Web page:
Managing Anxiety in Female Adolescent Non-elite Competitive Gymnasts During Skill Acquisition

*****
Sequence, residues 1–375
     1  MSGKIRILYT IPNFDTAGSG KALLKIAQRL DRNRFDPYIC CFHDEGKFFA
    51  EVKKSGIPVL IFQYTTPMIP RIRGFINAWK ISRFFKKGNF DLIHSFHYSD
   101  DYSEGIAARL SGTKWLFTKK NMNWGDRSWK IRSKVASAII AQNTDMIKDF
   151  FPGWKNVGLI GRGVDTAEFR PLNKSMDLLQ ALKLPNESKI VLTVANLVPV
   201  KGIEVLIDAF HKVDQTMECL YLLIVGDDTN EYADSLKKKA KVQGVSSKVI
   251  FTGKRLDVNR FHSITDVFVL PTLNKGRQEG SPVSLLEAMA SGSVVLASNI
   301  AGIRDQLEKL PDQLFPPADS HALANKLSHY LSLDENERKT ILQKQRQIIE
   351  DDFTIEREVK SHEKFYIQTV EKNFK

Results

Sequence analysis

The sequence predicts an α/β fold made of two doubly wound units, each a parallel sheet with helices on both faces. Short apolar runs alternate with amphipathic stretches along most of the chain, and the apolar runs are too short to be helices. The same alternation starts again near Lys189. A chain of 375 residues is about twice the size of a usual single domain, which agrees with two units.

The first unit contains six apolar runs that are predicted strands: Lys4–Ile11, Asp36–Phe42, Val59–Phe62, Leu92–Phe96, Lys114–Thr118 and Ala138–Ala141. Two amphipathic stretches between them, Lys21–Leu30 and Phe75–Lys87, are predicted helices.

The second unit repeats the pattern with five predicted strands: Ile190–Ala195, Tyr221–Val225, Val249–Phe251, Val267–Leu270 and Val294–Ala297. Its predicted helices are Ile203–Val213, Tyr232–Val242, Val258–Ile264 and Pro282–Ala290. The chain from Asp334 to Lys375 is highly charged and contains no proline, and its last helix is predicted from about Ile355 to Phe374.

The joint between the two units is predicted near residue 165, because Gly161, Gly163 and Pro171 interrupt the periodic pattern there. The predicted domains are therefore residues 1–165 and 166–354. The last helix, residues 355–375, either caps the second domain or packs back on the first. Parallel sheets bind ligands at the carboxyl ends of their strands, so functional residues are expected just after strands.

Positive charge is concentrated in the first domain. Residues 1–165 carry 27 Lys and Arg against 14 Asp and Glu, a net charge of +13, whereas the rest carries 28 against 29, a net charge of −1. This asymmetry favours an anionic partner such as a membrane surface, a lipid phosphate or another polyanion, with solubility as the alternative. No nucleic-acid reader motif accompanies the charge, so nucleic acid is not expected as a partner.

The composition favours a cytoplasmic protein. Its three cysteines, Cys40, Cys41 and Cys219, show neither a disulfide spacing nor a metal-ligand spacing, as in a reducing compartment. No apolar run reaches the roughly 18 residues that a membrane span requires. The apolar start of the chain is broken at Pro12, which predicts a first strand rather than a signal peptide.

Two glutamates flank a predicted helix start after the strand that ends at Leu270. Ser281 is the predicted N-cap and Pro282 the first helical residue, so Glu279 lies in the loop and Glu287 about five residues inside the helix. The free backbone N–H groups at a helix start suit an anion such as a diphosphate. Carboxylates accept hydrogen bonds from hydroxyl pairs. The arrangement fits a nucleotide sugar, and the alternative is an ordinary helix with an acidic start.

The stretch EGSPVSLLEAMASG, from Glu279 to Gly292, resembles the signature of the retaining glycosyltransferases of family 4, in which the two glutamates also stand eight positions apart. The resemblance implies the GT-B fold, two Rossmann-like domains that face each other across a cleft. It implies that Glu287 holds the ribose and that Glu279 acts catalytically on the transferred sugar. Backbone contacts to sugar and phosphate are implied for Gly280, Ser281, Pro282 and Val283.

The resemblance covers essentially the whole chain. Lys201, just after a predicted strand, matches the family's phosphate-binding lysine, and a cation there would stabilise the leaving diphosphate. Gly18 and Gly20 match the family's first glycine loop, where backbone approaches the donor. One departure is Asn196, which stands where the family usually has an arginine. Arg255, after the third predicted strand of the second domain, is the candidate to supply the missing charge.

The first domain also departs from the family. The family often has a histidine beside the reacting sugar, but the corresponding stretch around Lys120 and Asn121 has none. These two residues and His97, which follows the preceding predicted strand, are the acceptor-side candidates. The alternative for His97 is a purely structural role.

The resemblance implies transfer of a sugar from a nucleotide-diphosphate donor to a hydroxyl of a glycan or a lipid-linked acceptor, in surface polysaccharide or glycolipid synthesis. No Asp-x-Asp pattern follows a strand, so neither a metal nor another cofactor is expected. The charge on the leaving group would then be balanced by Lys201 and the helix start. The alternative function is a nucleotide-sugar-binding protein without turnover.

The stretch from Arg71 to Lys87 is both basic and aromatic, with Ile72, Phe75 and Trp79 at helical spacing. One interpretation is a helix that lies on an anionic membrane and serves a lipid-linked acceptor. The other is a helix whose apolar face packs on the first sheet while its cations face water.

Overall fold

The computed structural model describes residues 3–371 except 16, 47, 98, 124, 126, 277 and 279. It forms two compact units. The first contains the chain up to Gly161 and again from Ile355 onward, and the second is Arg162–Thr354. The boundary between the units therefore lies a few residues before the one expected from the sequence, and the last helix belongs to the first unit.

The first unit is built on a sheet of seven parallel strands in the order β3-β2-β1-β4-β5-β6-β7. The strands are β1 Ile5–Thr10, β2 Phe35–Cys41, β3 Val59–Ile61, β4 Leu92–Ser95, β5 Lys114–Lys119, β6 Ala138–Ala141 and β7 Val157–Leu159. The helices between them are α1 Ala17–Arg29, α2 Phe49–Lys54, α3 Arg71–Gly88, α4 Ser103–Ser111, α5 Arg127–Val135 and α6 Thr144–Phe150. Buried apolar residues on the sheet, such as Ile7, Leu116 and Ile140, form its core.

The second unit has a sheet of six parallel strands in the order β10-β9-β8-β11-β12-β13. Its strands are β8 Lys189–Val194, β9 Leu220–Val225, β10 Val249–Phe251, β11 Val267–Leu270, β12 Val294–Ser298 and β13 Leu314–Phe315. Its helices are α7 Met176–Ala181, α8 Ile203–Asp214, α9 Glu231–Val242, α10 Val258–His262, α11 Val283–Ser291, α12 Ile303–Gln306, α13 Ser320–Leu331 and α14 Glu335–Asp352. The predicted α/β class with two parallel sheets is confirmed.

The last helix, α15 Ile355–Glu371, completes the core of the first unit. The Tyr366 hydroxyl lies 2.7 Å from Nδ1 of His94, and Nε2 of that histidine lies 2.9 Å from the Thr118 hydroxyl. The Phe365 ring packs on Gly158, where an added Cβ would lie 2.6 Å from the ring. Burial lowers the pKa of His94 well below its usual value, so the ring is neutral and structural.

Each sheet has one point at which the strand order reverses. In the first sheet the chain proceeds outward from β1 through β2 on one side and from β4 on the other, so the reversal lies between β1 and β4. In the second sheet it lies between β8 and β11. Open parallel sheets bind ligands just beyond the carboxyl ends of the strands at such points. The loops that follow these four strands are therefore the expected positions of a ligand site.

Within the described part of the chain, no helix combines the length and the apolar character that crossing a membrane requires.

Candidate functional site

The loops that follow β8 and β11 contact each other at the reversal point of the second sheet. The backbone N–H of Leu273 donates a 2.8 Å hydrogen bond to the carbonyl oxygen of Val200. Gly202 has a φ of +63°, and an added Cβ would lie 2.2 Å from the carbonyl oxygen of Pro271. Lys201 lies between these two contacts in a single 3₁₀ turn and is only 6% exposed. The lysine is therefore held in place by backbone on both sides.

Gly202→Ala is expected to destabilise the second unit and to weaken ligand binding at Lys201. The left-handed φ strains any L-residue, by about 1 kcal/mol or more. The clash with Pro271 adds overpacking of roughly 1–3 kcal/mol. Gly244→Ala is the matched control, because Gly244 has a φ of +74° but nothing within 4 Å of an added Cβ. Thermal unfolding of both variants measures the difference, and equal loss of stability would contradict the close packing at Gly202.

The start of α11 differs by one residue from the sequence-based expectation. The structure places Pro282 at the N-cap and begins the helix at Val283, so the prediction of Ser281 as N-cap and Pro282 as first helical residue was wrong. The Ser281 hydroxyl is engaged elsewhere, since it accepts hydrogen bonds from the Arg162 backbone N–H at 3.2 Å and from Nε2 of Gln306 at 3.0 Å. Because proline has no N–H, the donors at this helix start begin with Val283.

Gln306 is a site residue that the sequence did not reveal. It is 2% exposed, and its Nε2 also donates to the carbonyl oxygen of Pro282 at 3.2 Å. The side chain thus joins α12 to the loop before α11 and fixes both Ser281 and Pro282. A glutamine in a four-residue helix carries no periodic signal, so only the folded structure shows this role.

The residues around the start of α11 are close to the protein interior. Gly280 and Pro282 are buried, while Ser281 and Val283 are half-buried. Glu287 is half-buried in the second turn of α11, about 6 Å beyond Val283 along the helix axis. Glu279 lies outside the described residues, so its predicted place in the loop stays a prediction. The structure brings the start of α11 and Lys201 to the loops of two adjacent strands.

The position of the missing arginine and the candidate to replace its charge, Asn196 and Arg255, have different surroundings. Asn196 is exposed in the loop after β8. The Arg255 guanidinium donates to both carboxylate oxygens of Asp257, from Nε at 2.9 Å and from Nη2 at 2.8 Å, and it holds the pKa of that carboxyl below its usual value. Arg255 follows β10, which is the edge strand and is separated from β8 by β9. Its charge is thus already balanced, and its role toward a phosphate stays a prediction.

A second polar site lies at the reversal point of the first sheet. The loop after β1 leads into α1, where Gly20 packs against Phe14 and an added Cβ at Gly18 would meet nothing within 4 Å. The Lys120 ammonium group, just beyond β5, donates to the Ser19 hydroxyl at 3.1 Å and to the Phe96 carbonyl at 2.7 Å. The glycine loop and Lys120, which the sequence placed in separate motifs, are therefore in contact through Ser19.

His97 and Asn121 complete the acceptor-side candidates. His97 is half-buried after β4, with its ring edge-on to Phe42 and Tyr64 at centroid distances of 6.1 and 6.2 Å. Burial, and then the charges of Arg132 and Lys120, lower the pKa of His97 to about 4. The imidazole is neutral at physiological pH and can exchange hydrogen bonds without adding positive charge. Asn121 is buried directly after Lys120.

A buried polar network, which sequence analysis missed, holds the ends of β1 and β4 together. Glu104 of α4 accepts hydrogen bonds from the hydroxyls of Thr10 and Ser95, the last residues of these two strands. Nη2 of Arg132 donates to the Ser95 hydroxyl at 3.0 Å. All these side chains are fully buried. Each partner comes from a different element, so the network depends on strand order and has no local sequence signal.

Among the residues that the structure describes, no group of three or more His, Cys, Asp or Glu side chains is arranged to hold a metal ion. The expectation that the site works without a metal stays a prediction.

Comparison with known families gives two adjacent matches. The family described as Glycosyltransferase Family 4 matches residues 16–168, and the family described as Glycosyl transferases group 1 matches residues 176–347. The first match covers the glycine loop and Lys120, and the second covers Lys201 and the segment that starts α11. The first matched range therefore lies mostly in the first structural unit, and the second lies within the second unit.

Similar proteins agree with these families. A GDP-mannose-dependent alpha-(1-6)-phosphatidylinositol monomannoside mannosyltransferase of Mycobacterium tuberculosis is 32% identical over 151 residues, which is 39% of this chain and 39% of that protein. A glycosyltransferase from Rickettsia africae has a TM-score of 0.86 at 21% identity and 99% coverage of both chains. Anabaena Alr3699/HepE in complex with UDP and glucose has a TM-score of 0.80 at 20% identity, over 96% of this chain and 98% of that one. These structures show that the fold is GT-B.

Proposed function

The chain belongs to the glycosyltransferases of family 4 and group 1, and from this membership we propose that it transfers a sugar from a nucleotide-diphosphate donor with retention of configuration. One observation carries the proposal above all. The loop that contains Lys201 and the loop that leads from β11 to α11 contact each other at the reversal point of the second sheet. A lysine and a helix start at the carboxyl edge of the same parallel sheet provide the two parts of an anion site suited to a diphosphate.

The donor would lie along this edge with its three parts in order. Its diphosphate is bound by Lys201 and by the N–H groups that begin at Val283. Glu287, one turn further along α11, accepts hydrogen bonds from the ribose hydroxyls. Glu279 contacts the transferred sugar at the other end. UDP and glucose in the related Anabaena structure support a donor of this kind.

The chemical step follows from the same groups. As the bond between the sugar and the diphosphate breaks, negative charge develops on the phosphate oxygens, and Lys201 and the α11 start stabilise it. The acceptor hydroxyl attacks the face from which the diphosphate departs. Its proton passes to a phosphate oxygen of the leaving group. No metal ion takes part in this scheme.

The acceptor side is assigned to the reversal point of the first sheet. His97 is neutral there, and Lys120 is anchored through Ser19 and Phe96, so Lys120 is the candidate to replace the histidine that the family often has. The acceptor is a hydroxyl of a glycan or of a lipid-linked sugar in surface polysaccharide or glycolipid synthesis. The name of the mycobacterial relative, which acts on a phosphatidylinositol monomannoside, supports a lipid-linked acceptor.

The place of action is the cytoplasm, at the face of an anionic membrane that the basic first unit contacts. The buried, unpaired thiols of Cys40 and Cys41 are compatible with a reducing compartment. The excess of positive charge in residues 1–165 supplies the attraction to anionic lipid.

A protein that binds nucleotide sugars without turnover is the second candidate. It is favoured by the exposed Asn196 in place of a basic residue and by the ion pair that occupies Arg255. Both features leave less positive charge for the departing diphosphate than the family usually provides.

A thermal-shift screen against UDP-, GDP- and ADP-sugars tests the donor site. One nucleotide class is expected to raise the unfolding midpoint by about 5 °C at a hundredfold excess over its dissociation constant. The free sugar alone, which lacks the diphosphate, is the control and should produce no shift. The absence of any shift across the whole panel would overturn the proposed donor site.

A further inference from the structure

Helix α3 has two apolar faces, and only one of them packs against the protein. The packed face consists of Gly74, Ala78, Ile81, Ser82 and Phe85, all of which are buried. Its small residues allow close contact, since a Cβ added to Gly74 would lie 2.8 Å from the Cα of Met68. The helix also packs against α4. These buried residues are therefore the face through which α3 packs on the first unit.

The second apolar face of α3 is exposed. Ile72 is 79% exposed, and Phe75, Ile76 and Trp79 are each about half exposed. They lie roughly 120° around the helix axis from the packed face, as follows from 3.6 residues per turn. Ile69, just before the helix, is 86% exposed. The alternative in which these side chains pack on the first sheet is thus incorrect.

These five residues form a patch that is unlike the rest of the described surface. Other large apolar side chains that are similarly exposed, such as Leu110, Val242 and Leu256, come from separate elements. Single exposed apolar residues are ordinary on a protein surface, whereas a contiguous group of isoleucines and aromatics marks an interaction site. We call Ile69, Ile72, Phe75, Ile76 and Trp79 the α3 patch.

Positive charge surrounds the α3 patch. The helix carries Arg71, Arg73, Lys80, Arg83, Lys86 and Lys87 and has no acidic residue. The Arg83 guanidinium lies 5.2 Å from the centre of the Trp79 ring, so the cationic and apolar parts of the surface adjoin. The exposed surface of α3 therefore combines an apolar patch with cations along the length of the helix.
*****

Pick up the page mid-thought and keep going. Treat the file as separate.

When discussing anxiety in sport, gymnastics is often mentioned (Chase, Magyar, & Drake, 2005), as research has found that high-level female gymnasts exhibit higher anxiety levels than that of similarly skilled athletes in other sports (Kolt & Kirkby, 1994). While a career in gymnastics provides a strong foundation for positive physical, cognitive, and psychosocial self-development, the manifestations of anxiety during skill acquisition can decrease perceived physical competency and enjoyment, and decrease or prevent task performance, thus disrupting participation-motivation and continuity of gymnastics. If an athlete is unable to manage the psychological and physical responses of excessive, chronic stress stemming from anxiety, burnout could develop (Smith, 1986), causing gymnasts to retire early from the sport (Martin, Polster, Jackson, Greenleaf, & Jones, 2008). Literature supports that while anxiety is particularly disadvantageous for gymnasts, strategies can be used preemptively and simultaneously for the management of anxiety. Unfortunately, athletes, coaches, and parents lack reasonable or immediate access to interventions when in practice. The purpose of this project is to a) explore research and theories concerning contributing factors and effects of anxiety, b) gather research-based interventions and coping strategies, and c) create informative brochures for athletes, coaches, and parents in effort to promote healthful continuity of gymnastics. Management of anxiety may ultimately motivate affected athletes to continue gymnastics, thus supporting positive self-development through sport and maximum fulfillment of athletic potential in female adolescent non-elite competitive gymnasts.